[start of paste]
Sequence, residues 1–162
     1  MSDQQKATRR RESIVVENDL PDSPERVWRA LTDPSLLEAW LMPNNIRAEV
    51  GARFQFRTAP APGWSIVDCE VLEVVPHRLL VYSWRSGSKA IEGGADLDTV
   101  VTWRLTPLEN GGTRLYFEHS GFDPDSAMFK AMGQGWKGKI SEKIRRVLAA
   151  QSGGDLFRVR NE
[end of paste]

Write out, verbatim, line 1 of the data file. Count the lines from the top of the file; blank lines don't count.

Sequence, residues 1–162